The literature search returned 1369 articles, which were screened systematically. Stepwise amounts of included/ excluded articles are shown in the flowchart below (Figure 1), according to PRISMA guidelines. After removal of duplicates (n=2), the first selection was based on screening of the titles, eliminating 857 titles. Next, articles were screened for eligibility based on the abstracts, which resulted in 75 remaining studies for full-text screening. 7 studies were excluded, since full text was not available. Subsequently, each included record was classified into one of the categories mentioned above. 16 of the included articles described somatic symptoms, 39 articles reported on neuropsychological long-term effects, 3 articles covered psychosocial issues and 9 studies reported on all these effects. Two articles were excluded after analysis of the full text. Characteristics of the included studies are represented in Table 1, as well the number of articles describing long-term effects of each treatment modality.


Figure 1: Flowchart of included studies.

Treatment # Articles # Patients (ranges) Somatic Neuropsychology Psychosocial MB Ependymoma Astrocytoma Multiple
Surgery 17 4-203 5 10 2 1 1 9 6
RT 33 7-151 15 18 2 27 0 0 6
Chemo 1 21-35 1 0 0 1 0 0 0
Surgery +RT+Chemo 15 16-137 4 15 2 7 2 0 6
Total 66 4-203 16 38 3 36 3 9 18

Table 1: Included articles. Note: The included articles were classified into the different treatment modalities, categories of longterm sequelae and tumor types. Several articles described multiple types of long-term effects. RT: Radiotherapy, Chemo: Chemotherapy, MB: Medulloblastoma.

Surgery-induced symptoms

Long-term effects related merely to surgery, have only recently gained interest. The most frequently investigated patient population to study these effects are cerebellar pilocytic astrocytoma patients, because their treatment often consists of surgery only.

Surgery-related somatic effects: Nagib et al. reported permanent lower cranial nerve dysfunction in 2 of the 4 included patients after surgery for posterior fossa lateral ependymoma, a rare type of ependymoma [23]. The effects of surgery on general brainstem functions in ependymoma patients were studied by Merchant et al. They conducted a long-term neurological follow-up in 64 ependymoma patients treated with surgery and conformal radiotherapy (54–59.4 Gy). 23 patients experienced incomplete brain stem recovery after 5 years, defined as impaired function of cranial nerves V-VII and IX-XII, motor weakness and dysmetria.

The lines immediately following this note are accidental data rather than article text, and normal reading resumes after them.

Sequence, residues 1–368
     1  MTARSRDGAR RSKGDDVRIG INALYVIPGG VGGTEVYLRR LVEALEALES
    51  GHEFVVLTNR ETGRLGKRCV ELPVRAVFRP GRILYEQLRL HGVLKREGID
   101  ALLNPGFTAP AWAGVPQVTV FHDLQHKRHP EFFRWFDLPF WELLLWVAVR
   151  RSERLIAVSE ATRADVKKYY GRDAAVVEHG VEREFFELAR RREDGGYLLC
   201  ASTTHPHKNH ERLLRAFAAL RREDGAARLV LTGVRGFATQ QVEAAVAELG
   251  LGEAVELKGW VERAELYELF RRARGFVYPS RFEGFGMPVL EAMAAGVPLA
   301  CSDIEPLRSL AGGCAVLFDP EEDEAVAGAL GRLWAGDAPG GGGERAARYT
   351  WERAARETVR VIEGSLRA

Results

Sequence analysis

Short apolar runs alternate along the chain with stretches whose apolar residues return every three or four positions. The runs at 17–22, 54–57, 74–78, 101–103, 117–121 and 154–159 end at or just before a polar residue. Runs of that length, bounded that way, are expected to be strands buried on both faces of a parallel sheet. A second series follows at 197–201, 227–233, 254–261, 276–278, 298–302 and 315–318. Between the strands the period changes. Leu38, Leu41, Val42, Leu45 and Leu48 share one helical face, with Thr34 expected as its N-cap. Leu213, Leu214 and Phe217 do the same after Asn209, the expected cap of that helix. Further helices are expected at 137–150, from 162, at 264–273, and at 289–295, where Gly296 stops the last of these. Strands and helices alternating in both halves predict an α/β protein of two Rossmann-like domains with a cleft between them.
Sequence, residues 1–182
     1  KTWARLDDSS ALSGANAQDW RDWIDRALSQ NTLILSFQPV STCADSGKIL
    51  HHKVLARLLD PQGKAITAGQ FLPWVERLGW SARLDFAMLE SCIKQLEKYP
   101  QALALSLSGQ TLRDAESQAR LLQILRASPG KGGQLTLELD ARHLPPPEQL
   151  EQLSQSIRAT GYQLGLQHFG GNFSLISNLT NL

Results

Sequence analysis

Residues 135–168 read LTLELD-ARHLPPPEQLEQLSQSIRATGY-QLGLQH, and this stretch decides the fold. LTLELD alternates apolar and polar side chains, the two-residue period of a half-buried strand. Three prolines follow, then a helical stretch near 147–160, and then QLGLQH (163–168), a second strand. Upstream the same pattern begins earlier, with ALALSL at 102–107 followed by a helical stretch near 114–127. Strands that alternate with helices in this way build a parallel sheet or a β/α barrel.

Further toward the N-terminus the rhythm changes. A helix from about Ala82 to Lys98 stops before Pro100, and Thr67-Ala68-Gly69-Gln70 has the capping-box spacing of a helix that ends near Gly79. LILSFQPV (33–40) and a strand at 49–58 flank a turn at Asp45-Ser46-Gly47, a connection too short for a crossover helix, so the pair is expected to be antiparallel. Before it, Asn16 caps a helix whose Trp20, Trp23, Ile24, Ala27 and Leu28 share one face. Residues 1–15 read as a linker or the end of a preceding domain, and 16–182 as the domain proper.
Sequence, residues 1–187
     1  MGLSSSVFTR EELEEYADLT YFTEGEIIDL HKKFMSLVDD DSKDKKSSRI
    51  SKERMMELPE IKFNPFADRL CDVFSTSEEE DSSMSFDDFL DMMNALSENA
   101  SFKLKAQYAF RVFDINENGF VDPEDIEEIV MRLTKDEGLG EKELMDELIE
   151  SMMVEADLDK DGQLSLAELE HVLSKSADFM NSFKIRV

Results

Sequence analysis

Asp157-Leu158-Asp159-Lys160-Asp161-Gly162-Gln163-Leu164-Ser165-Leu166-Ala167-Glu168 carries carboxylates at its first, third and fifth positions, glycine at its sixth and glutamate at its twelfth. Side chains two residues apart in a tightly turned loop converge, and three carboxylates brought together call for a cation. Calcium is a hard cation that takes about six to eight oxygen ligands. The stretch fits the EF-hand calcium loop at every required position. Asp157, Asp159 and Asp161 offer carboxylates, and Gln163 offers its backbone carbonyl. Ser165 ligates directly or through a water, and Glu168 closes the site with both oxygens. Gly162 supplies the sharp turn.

These neurological outcomes depended on surgical variables such as CSF shunting, the number of interventions (resection and shunting), the extent of resection and tumor volume [24]. Variations in brainstem radiation dose (range 54– 59.4 Gy) and volume did not impact the outcome. Another study of Schoch et al. depicted the balance function in 22 patients treated for benign and malign posterior fossa tumors in childhood. More specifically, this study compared patients with and without affected cerebellar nuclei and patients with and without adjuvant therapy (chemotherapy and/or radiotherapy). The authors concluded that surgical damage of the deep cerebellar nuclei, especially the fastigial nucleus was responsible for balance impairment in these patients [25]. Zuzak et al. reviewed multiple long-term effects in 21 cerebellar astrocytoma survivors. Neurological deficits (limb ataxia, truncal ataxia, dysarthria, and ocular movement disorders) occurred frequently (41%, n=9) [26]. Similarly, Villarejo et al. retrospectively reviewed 203 astrocytoma survivors. Most of these patients exhibited no neurological deficits (55%). Some of them (27%) had mild neurological deficits (strabismus, nystagmus or ataxia) without psychosocial implications, while a few survivors (4%) were severely disabled and incapable of leading a normal life [27].